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Title: Quantifying X-Ray Fluorescence Data Using MAPS

Here, the quantification of X-ray fluorescence (XRF) microscopy maps by fitting the raw spectra to a known standard is crucial for evaluating chemical composition and elemental distribution within a material. Synchrotron-based XRF has become an integral characterization technique for a variety of research topics, particularly due to its non-destructive nature and its high sensitivity. Today, synchrotrons can acquire fluorescence data at spatial resolutions well below a micron, allowing for the evaluation of compositional variations at the nanoscale. Through proper quantification, it is then possible to obtain an in-depth, high-resolution understanding of elemental segregation, stoichiometric relationships, and clustering behavior. This article explains how to use the MAPS fitting software developed by Argonne National Laboratory for the quantification of full 2-D XRF maps. We use as an example results from a Cu(In,Ga)Se-2 solar cell, taken at the Advanced Photon Source beamline 2-ID-D at Argonne National Laboratory. We show the standard procedure for fitting raw data, demonstrate how to evaluate the quality of a fit and present the typical outputs generated by the program. In addition, we discuss in this manuscript certain software limitations and offer suggestions for how to further correct the data to be numerically accurate and representative of spatially resolved,more » elemental concentrations.« less
Authors:
 [1] ;  [1] ;  [1] ;  [2] ;  [2] ;  [1]
  1. Arizona State Univ., Tempe, AZ (United States)
  2. Argonne National Lab. (ANL), Lemont, IL (United States)
Publication Date:
Grant/Contract Number:
AC02-06CH11357
Type:
Accepted Manuscript
Journal Name:
Journal of Visualized Experiments
Additional Journal Information:
Journal Volume: 132; Journal Issue: 132; Journal ID: ISSN 1940-087X
Publisher:
MyJoVE Corp.
Research Org:
Argonne National Lab. (ANL), Argonne, IL (United States)
Sponsoring Org:
USDOE Office of Science (SC), Basic Energy Sciences (BES) (SC-22); National Science Foundation (NSF)
Country of Publication:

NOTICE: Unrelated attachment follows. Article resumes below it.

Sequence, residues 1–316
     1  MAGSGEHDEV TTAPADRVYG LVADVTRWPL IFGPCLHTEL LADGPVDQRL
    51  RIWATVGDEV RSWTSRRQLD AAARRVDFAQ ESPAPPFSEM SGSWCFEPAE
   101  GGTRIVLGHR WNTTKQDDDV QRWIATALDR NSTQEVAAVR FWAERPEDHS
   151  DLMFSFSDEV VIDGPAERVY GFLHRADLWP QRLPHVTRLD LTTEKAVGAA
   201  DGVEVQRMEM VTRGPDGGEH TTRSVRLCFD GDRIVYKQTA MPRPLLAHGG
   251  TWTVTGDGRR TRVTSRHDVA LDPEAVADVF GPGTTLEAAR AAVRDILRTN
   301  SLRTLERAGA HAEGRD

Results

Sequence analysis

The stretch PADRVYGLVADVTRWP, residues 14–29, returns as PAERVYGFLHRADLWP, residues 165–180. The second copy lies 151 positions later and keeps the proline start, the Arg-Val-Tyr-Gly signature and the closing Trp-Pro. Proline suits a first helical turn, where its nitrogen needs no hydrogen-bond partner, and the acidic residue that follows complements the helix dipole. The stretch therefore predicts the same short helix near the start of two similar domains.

United States
Language:
English
Subject:
47 OTHER INSTRUMENTATION; X-ray fluorescence; quantification; synchrotron; fitting; solar cell; defects; impurities; software; maps
OSTI Identifier:
1461335

Nietzold, Tara, West, Bradley M., Stuckelberger, Michael, Lai, Barry, Vogt, Stefan, and Bertoni, Mariana I.. Quantifying X-Ray Fluorescence Data Using MAPS. United States: N. p., Web. doi:10.3791/56042.
Nietzold, Tara, West, Bradley M., Stuckelberger, Michael, Lai, Barry, Vogt, Stefan, & Bertoni, Mariana I.. Quantifying X-Ray Fluorescence Data Using MAPS. United States. doi:10.3791/56042.
Nietzold, Tara, West, Bradley M., Stuckelberger, Michael, Lai, Barry, Vogt, Stefan, and Bertoni, Mariana I.. 2018. "Quantifying X-Ray Fluorescence Data Using MAPS". United States. doi:10.3791/56042. https://www.osti.gov/servlets/purl/1461335.
@article{osti_1461335,
title = {Quantifying X-Ray Fluorescence Data Using MAPS},
author = {Nietzold, Tara and West, Bradley M. and Stuckelberger, Michael and Lai, Barry and Vogt, Stefan and Bertoni, Mariana I.},
abstractNote = {Here, the quantification of X-ray fluorescence (XRF) microscopy maps by fitting the raw spectra to a known standard is crucial for evaluating chemical composition and elemental distribution within a material. Synchrotron-based XRF has become an integral characterization technique for a variety of research topics, particularly due to its non-destructive nature and its high sensitivity. Today, synchrotrons can acquire fluorescence data at spatial resolutions well below a micron, allowing for the evaluation of compositional variations at the nanoscale. Through proper quantification, it is then possible to obtain an in-depth, high-resolution understanding of elemental segregation, stoichiometric relationships, and clustering behavior. This article explains how to use the MAPS fitting software developed by Argonne National Laboratory for the quantification of full 2-D XRF maps. We use as an example results from a Cu(In,Ga)Se-2 solar cell, taken at the Advanced Photon Source beamline 2-ID-D at Argonne National Laboratory. We show the standard procedure for fitting raw data, demonstrate how to evaluate the quality of a fit and present the typical outputs generated by the program. In addition, we discuss in this manuscript certain software limitations and offer suggestions for how to further correct the data to be numerically accurate and representative of spatially resolved, elemental concentrations.},
doi = {10.3791/56042},
journal = {Journal of Visualized Experiments},
number = 132,
volume = 132,
place = {United States},
year = {2018},
month = {1}
}